By default, the working directory is used as the main source directory (assuming the whole upstream source is being stored in the repository). The alternative is so called "merge mode". With this method, only the debian directory (and maybe some other modified files) are stored in the repository. At build time, the contents of the svn trunk are copied to the extracted tarball contents (and can overwrite parts of it). To choose this working model, set the svn property mergeWithUpstream on the debian directory
$ svn propset mergeWithUpstream 1 debian
mergeWithUpstream requires that the build system can prepare a tarball, typically using make dist and autotools. All upstream packages will have some form of tarball creation support and native packages that use autotools or which have internal tarball support can use mergeWithUpstream to handle generated files that are needed to build the package but are not present in SVN. See the HOWTO guide for examples of how this can be done. Native packages that do not use autotools and do not have internal tarball support can still add generated files to the source package tarball using the useNativeDist make target in the top level Makefile. This custom target must be idempotent and only modify / generate the desired files using only the exported SVN source and build dependencies. To allow svn-buildpackage to use an make native-dist target in your top level Makefile, set the useNativeDist property on the ./debian/ directory:
$ svn propset useNativeDist 1 debian
The default behaviour of svn-buildpackage is as follows:
Check the working directory, complain on uncommited files (also see --svn-ignore-new)
Copy the orig tarball to the build area if necessary (also see --svn-no-links)
Extract the tarball (in merge mode) or export the svn work directory to the build directory (also see below and --svn-no-links)
Build with dpkg-buildpackage (also see --svn-builder, --svn-lintian, etc.)
Create a changelog entry for the future version
svn-buildpackage accepts the following options on the command-line:
WARNING: shell quotation rules do not completely apply here, better use wrappers for complex constructs. Using this option may break --svn-lintian and --svn-move functionality. Some functions may be disabled when a custom build command is used because the output file location is not predictable.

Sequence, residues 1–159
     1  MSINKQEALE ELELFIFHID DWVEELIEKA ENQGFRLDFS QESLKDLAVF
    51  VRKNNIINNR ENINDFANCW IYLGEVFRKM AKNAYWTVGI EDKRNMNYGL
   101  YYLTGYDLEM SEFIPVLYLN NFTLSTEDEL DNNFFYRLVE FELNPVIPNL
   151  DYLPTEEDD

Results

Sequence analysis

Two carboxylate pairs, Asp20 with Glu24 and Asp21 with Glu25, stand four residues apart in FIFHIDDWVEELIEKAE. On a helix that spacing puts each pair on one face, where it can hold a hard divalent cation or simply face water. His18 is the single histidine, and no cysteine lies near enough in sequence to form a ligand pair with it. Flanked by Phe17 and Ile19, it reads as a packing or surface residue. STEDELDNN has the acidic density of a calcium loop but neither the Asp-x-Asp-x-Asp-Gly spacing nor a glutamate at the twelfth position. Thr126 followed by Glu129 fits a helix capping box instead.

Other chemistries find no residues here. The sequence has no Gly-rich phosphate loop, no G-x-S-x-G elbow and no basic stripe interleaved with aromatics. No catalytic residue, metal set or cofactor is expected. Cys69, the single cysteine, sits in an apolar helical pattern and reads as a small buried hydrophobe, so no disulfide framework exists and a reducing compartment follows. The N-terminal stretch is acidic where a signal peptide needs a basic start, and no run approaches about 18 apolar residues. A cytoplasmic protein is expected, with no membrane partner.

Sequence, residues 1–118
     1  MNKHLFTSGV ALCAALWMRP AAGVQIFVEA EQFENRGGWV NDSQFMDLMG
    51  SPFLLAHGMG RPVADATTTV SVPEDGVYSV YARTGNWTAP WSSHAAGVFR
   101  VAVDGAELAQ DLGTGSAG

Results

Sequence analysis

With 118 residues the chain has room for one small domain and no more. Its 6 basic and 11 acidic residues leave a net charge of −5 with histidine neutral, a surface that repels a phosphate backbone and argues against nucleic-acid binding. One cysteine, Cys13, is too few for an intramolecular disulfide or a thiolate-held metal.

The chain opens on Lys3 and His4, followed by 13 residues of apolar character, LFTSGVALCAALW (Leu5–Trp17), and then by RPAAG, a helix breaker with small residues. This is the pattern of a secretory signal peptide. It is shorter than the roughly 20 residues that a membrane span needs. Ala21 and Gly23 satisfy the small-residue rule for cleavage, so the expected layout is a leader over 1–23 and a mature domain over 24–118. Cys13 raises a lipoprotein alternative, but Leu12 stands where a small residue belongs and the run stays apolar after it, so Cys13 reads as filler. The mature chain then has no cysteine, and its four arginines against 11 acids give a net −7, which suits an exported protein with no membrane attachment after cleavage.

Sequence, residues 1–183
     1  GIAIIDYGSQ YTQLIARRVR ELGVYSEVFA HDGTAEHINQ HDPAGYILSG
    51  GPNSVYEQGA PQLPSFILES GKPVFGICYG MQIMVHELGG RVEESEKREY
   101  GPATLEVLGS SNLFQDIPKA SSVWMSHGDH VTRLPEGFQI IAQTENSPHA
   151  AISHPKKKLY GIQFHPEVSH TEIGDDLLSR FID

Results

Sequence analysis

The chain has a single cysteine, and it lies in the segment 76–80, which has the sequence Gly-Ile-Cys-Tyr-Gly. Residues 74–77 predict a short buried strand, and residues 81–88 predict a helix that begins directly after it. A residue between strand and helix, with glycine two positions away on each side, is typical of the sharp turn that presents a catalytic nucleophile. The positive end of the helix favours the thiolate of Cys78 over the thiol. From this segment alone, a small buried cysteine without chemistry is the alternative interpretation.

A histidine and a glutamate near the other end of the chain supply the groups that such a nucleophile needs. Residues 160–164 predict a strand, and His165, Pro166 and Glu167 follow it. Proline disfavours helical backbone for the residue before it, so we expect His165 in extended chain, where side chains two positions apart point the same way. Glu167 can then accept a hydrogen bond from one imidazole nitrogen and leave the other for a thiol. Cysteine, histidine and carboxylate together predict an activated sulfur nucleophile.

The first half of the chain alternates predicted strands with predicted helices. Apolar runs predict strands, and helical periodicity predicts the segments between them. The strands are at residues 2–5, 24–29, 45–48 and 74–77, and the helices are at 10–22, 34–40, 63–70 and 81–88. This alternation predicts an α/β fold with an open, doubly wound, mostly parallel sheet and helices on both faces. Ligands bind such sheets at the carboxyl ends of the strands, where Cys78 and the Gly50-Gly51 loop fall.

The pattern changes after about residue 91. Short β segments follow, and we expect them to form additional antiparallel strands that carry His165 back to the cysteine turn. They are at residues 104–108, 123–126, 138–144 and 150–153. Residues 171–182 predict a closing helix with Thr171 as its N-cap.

Default: use dpkg-buildpackage.
--svn-ignore-new | --svn-ignore
Default: Stop on conflicts or new/changed files.
Default: clean first
Default: use links where possible.
Default: remove after successful build.
Default: build directory is removed.
Default: rename old directories with a 'obsolete' suffix.
--svn-tag-only | --svn-only-tag
Default: A new UNRELEASED changelog entry is set via dch.
Default: Off. (Files are left where the build command puts them.)
--svn-prebuild | --svn-postbuild | --svn-pretag | --svn-posttag
Please note that the prebuild and postbuild hooks replace the normal prebuild and postbuild actions of svn-buildpackage. For prebuild, this means that the build dependencies will not be checked. For postbuild, this means that the resulting files won't be moved, and lintian will not be run.
With this parameter svn-buildpackage will (partly) replicate the old behaviour. In contrast to the deprecated behaviour, the .svn/deb-layout is regarded as a local override; the old behaviour simply ignored any versioned layout information if it found .svn/deb-layout.
This option was provided since it can be useful when creating a local override file.
-h | --help
For more detailed information on how to use svn-buildpackage, see the HOWTO. m[blue]http://svn-bp.alioth.debian.org/m.
To start working with existing native Debian package from a *.dsc file, import it into the repository with command:
svn-inject package_0.1.dsc svn://host/debian/devel/packages
To start working with existing upstream package in Debian from a *.dsc file, import it into the repository with command: